So this is how it ends, huh, one of the longest, most expensive trials in North Carolina history – not with a bang, not with a whimper, certainly not with an “OK, you got me: I did it.”
Instead, the Michael Peterson murder trial that had drawn international attention and spawned a cottage mini-industry of books, documentaries and TV specials just petered out Friday in Courtroom 7D of the new Durham County courthouse.
Don’t feel silly. I, too, thought it had ended in 2003 with a “guilty” verdict in the old courthouse, but allegations of misconduct by the prosecution – including SBI blood spatter (cough) expert Duane Deaver – gave Peterson’s defense grounds to seek and receive a vacated verdict and, ultimately, a new day in court.
That new day in court was Friday. Interest in the case that at one point had spanned the Atlantic had waned to the point that the number of reporters, photographers and cameramen equaled the number of spectators. Absent, even, were many of Mike’s Minions, Durham residents who loudly beat the drum for Peterson’s innocence throughout his first trial and during his incarceration, some even going so far as to theorize that Kathleen Peterson’s mortal wounds were inflicted by an owl.
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There was, of course, no mystery to Friday’s proceedings. Both sides had already reached an agreement earlier this month that would allow Peterson to cop to voluntary manslaughter, not first-degree murder for which he was originally convicted, and skate on time served.
If Kathleen Peterson’s family came to court seeking to have some psychological wounds salved by hearing Peterson admit “I did it,” they left disappointed.
Kathleen Peterson’s sister spoke incredulously of how Michael Peterson’s brother told her he couldn’t believe that Peterson ‘had found two women dead at the bottom of the steps.’
Because he entered something called an Alford plea, the dude didn’t have to confess to anything other than the possibility that he possibly could be found guilty if he were retried.
Oy. Of the Alford plea, Candace Zamperini, Kathleen’s sister, said in her victim’s impact statement, “Alford, Schmalford. ... You are pleading guilty and you will be regarded as a convicted felon forever.” She also promised that even though Peterson has been left – in her word – “indigent” from paying his legal fees, “you will be pursued” for the $25 million civil judgment her family was awarded for Kathleen’s death.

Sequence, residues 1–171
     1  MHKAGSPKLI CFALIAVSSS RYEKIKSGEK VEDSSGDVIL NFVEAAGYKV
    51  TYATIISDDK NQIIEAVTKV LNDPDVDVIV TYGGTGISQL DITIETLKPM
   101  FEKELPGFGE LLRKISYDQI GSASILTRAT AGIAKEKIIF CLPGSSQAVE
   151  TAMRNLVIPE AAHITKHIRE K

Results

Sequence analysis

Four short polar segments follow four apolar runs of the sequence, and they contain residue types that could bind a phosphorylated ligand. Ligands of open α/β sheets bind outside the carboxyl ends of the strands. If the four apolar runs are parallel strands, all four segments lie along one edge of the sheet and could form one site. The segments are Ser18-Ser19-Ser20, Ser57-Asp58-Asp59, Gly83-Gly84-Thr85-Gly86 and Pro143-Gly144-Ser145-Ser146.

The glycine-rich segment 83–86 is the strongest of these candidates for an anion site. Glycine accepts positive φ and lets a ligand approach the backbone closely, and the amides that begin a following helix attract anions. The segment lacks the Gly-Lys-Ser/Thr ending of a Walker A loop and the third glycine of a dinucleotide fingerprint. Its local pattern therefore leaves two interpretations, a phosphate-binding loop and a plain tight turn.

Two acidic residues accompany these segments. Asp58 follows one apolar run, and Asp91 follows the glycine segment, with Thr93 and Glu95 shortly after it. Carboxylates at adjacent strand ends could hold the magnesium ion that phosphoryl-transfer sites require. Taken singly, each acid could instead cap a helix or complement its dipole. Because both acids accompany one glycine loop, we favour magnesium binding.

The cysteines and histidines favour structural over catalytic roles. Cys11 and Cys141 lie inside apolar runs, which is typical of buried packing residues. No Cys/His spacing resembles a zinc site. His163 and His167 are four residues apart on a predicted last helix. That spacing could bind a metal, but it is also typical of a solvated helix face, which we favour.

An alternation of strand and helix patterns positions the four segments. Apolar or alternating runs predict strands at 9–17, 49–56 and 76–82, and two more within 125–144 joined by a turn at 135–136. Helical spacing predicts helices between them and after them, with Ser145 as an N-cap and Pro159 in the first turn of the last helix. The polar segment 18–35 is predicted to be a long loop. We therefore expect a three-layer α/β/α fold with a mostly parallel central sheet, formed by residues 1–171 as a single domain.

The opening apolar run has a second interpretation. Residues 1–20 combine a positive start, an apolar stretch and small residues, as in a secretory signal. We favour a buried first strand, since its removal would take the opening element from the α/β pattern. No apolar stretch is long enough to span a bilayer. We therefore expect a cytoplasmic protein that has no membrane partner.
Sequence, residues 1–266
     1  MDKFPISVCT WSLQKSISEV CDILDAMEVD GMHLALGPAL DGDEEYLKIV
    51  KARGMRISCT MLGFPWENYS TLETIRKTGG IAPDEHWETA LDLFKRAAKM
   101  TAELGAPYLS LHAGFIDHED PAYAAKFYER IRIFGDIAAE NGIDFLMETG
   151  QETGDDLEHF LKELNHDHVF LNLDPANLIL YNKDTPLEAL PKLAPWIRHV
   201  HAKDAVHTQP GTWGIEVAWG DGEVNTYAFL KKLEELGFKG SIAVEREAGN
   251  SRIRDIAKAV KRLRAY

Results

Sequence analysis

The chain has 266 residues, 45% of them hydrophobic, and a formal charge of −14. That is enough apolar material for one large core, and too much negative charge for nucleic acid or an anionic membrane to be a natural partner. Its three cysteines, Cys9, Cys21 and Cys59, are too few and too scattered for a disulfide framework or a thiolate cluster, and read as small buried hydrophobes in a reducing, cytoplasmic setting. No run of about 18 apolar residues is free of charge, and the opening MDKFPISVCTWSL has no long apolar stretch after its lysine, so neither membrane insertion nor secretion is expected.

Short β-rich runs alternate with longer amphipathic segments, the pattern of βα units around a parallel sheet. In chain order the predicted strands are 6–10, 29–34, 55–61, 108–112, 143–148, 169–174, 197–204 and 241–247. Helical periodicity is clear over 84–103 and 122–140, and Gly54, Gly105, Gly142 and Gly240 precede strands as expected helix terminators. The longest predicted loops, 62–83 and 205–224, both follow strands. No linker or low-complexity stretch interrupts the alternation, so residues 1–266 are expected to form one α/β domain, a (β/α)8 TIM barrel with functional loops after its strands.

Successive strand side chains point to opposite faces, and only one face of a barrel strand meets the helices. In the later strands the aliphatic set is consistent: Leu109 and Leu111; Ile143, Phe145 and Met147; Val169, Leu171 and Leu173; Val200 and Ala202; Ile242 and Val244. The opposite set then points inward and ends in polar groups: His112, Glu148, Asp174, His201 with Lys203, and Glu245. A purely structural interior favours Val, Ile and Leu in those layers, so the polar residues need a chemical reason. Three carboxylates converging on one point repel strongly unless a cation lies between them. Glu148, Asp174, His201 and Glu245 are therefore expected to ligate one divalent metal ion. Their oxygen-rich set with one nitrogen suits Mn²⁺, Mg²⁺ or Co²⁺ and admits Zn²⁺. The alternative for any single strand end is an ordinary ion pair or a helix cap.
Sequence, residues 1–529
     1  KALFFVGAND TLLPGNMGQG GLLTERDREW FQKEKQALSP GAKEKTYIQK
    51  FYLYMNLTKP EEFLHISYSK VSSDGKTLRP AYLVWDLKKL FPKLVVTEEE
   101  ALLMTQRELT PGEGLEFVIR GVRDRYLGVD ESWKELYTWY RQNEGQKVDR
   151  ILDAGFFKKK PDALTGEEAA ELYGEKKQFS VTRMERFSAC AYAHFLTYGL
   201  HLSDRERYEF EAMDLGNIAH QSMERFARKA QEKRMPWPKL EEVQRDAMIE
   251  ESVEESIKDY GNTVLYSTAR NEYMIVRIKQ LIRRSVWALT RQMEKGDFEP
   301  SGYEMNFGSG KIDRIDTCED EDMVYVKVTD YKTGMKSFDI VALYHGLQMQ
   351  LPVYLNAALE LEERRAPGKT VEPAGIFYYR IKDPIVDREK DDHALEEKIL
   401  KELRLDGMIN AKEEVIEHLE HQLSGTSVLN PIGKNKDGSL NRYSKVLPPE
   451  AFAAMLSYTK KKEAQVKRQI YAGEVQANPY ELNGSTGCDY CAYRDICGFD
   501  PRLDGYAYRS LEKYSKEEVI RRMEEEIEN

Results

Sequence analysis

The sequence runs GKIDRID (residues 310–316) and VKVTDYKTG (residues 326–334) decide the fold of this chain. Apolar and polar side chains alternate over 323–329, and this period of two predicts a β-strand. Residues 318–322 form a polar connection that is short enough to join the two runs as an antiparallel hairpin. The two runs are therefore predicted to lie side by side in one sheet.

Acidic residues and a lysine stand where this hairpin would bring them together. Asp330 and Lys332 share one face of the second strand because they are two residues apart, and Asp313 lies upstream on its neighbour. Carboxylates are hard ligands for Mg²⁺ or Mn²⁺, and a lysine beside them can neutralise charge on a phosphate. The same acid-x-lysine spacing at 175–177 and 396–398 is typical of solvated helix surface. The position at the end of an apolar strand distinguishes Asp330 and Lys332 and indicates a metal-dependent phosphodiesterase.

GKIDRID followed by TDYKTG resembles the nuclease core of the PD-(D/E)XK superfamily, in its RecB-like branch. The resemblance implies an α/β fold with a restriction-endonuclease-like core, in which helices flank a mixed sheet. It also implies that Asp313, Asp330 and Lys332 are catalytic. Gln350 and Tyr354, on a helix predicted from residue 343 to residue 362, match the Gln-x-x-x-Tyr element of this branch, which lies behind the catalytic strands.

Zamperini also spoke incredulously of how Peterson’s own brother told her he “couldn’t believe that Michael Peterson had found two women dead at the bottom of the steps.” That was a reference to both Kathleen Peterson and Elizabeth Ratliff, a Michael Peterson friend who was found dead at the bottom of a staircase in Germany in 1985.
Peterson’s attorney, David Rudolf, adamantly proclaimed his client’s innocence Friday, telling Judge Orlando Hudson initially that Peterson “pleads guilty pursuant to the offer” of a voluntary manslaughter conviction. “The bottom line,” Rudolf said later, “is he is not guilty, he’s not admitting that he’s guilty. ... I’d like to point out that Mr. Peterson served – unjustly, I might add – 98 months” in prison.
Peterson attorney David Rudolf said, ‘The bottom line is he is not guilty, he’s not admitting that he’s guilty.’
The only reason his client agreed to the Alford plea, Rudolf said – and Peterson repeated after court while holding forth in front of cameras and reporters – is because “he has no faith in the Durham Police Department.”
If a good compromise is defined as an agreement that leaves both parties feeling equally dissatisfied, this was it. As Peterson basked – yes, basked – in the spotlight possibly for the last time, because his 15 years of fame and infamy are over unless he finds yet another woman dead at the bottom of a stairwell, he was asked if he felt justice had been served.
“No, not at all. The most difficult thing I’ve ever done” is accepting the Alford plea, he said. “The second most difficult thing was sitting in the courtroom” during the first trial and hearing everyone lying about him, he said. He accepted the plea, he said, because “Why would I put my life in the hands of the Durham Police Department?”
As Peterson told his tale of woe, a tale of how the entire judiciary conspired to find him guilty of killing the woman he loved, a tale of how he missed family graduations, weddings, his father’s funeral, you had to remind yourself that there was another victim who missed all of those things, too, a victim who wasn’t here. Where was she?
She’s lying, as her sisters said Friday, in a grave wearing the dress and matching shoes she’d planned to wear to the Governor’s Christmas Party the day after she died in 2001.